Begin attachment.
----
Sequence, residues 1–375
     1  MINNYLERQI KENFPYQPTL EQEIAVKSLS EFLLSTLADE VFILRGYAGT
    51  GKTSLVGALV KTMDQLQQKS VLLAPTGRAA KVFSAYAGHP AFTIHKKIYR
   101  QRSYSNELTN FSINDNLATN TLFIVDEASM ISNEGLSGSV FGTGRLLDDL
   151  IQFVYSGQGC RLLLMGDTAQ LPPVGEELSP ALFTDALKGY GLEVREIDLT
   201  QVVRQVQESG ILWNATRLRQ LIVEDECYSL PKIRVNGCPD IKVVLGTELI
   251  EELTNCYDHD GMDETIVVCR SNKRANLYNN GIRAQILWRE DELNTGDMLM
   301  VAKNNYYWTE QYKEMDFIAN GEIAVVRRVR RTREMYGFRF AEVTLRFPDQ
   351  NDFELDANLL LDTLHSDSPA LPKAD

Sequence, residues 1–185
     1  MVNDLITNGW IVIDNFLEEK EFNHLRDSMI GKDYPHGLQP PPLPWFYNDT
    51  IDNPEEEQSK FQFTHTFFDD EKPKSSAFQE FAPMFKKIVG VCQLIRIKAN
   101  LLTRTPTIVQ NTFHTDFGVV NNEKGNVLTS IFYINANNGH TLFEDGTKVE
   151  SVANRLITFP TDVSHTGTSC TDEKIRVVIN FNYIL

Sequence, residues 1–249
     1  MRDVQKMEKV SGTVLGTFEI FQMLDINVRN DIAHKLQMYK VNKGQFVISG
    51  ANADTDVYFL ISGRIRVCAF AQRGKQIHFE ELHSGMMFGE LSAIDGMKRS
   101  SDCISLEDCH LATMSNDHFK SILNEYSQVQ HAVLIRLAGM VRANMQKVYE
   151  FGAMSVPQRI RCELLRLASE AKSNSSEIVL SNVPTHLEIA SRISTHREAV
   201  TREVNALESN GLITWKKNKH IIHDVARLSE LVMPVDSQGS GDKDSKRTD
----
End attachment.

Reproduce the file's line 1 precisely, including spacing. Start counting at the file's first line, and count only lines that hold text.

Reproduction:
Sequence, residues 1–375